Re: New HTML/XML Task Force Report published

Henri Sivonen <> writes:
> I think the paragraph
> 'The HTML5 parser will be able to parse the XML so in principle there is
> no parsing problem except that the parser will build a DOM according to
> the HTML5 parsing rules. There may be be issues with namespaces, but
> this may "just work" for many scenarios even if the the result would not
> meet the expectations for those who appreciate the full power of XML.'
> gives the wrong idea of what happens. I think the foremost issue isn't
> different namespaces but <foo/> getting parsed as a start tag most of
> the time and name collisions with certain HTML elements causing
> interesting effects.
> I suggest removing the paragraph.


> s/These rules will not always produce the same DOM that an XML parser
> would have produced./There rules with most often produce a DOM that is
> substantially different from the DOM that an XML parser would have
> produced./

I think I've addressed that in the course of implementing Robin's
comments, but please let me know if you disagree.

> This paragraph is strange:
> "There are still details of implementation to be considered in the case
> where HTML5 is represented with well-formed XML. Is the markup to be
> “clipped out” and handed to an HTML5 parser, or is the entire XML DOM
> going to be handed to the HTML5 engine?"
> If there's an XHTML5 subtree in a larger XML document, involving an HTML
> parser would be the least preferred interface to an (X)HTML5 subsystem.
> I think the most preferable would be passing a fragment of the app's
> internal data model (e.g. an in-memory tree) to the subsystem. If the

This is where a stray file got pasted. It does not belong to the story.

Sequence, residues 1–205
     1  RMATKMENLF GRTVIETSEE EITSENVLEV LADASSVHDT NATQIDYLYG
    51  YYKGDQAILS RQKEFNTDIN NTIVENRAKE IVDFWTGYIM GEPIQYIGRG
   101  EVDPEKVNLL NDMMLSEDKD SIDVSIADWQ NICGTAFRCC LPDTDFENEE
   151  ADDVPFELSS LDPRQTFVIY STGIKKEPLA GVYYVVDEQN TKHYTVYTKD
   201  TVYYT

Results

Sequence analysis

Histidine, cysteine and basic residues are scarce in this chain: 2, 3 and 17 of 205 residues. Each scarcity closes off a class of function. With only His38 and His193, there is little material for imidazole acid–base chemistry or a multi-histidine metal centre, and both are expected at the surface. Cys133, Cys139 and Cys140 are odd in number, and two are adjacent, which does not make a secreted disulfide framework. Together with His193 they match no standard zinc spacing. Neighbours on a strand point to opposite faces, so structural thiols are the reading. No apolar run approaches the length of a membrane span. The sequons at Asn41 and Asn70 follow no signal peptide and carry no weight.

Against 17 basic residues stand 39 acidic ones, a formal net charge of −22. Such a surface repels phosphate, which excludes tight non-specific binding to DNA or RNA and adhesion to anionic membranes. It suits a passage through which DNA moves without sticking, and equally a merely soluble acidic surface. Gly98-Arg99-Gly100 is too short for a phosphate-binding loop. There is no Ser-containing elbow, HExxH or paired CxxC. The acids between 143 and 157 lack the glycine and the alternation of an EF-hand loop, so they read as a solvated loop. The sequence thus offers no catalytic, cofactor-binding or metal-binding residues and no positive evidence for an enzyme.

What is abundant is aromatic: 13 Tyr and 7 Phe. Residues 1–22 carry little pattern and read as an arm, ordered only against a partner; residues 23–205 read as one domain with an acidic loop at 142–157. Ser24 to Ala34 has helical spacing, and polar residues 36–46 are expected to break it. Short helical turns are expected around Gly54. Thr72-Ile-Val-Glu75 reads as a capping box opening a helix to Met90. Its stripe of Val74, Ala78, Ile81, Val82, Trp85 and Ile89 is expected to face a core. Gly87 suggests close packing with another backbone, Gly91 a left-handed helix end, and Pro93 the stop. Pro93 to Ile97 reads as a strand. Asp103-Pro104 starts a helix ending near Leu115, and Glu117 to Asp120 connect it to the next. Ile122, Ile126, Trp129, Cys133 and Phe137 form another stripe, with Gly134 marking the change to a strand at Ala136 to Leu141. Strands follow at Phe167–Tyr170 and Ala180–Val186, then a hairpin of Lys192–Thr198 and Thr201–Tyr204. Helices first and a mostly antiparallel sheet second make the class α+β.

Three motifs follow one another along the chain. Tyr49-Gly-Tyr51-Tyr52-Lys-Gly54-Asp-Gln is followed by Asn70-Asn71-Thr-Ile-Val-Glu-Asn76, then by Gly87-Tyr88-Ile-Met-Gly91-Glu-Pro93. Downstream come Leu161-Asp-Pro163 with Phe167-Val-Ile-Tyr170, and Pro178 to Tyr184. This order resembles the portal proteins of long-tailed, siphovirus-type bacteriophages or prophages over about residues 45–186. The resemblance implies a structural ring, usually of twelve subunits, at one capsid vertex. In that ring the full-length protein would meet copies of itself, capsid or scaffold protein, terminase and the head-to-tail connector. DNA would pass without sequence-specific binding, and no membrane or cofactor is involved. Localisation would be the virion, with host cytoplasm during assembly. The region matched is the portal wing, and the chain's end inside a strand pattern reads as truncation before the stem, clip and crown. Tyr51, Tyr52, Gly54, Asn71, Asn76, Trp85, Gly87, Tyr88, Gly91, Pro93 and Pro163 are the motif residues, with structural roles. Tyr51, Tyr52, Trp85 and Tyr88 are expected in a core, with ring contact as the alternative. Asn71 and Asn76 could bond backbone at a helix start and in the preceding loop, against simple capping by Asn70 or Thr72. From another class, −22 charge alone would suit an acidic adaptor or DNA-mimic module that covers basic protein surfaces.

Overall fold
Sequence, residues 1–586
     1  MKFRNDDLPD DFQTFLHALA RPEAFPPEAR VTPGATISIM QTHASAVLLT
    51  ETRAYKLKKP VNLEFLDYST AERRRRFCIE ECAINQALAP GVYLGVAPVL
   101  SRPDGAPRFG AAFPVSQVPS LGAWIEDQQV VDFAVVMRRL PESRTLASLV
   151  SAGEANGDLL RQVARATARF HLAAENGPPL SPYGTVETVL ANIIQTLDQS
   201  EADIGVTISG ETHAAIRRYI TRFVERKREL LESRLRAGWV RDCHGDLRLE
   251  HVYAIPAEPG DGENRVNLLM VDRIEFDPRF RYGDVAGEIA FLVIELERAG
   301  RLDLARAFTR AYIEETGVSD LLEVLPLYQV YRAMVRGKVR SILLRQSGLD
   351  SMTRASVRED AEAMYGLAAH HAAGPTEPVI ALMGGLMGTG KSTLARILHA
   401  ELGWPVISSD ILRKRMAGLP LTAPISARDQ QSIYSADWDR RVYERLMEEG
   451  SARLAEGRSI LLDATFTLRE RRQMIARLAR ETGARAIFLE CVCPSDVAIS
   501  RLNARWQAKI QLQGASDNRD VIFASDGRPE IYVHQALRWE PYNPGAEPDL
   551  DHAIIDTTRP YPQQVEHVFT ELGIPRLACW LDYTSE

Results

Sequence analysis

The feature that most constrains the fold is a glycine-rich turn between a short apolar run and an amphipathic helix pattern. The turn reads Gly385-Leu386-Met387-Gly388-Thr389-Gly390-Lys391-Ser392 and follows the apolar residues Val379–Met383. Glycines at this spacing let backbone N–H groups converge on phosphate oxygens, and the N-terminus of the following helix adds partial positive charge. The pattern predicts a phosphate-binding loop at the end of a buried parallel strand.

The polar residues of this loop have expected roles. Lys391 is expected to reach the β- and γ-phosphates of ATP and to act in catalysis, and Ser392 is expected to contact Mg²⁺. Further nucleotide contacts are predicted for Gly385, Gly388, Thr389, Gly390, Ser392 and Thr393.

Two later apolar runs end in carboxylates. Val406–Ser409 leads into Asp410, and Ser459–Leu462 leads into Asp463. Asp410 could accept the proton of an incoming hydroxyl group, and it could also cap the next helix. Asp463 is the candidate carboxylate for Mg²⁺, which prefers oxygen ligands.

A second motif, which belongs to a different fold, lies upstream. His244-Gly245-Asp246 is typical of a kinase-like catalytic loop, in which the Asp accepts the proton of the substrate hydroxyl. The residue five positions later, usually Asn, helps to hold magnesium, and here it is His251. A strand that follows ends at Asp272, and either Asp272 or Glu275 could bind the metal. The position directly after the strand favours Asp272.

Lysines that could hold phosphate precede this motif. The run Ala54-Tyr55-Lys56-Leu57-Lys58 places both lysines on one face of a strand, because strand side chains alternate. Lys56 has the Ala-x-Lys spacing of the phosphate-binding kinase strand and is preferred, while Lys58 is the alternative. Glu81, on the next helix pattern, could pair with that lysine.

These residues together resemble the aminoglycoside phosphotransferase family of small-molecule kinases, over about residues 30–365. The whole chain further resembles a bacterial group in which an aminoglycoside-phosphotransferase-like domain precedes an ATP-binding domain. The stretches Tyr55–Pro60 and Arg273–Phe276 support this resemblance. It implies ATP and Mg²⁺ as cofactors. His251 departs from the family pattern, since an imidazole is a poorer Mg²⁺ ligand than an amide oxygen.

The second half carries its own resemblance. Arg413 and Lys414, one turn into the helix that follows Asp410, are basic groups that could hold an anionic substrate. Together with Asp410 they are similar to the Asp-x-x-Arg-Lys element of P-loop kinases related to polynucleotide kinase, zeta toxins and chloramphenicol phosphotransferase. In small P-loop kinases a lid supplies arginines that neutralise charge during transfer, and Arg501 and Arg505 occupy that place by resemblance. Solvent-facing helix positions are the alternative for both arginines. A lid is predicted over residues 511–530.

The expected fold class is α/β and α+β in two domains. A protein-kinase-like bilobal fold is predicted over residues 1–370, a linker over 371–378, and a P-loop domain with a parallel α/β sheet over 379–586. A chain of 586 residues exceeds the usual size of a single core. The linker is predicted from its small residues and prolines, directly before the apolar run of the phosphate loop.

> subsystem interface wants a serialization and can ingest XHTML5, it
> would make more sense to use XHTML5 than HTML5 at the boundary to avoid
> the cases where some tree shapes don't round trip through the HTML
> serialization.
> I think this paragraph steps outside the stated use case, since it
> introduces a container outside the XML document:
> "A third solution is to process the compound messages using MIME
> multipart/related semantics, perhaps through facilities such as [MTOM]
> or [XOP]. This is very much like the escaped markup case where
> downstream processing must be sophisticated enough to reconstruct the
> authors intent."
> If this solution is to be mentioned, it would make sense to mention .zip
> instead of the more esoteric archive formats.

These two paragraphs are my attempt to incorporate text that we reviewed
in the use case:

I'm a little reluctant to remove them without reviewing the use case
document first. These feel like substantive disagreements to a use
case that I thought we'd reached consensus about.

> This is incorrect:
> "What the HTML5 parser produces when it processes this script element is
> a script element node in the DOM which contains the escaped character
> representation of the XML."
> The text node content of the script node is not escaped. It is ready to
> be used as input to an XML parser.


                                        Be seeing you,

Norman Walsh
Lead Engineer
MarkLogic Corporation
Phone: +1 413 624 6676

Received on Tuesday, 28 June 2011 15:34:59 UTC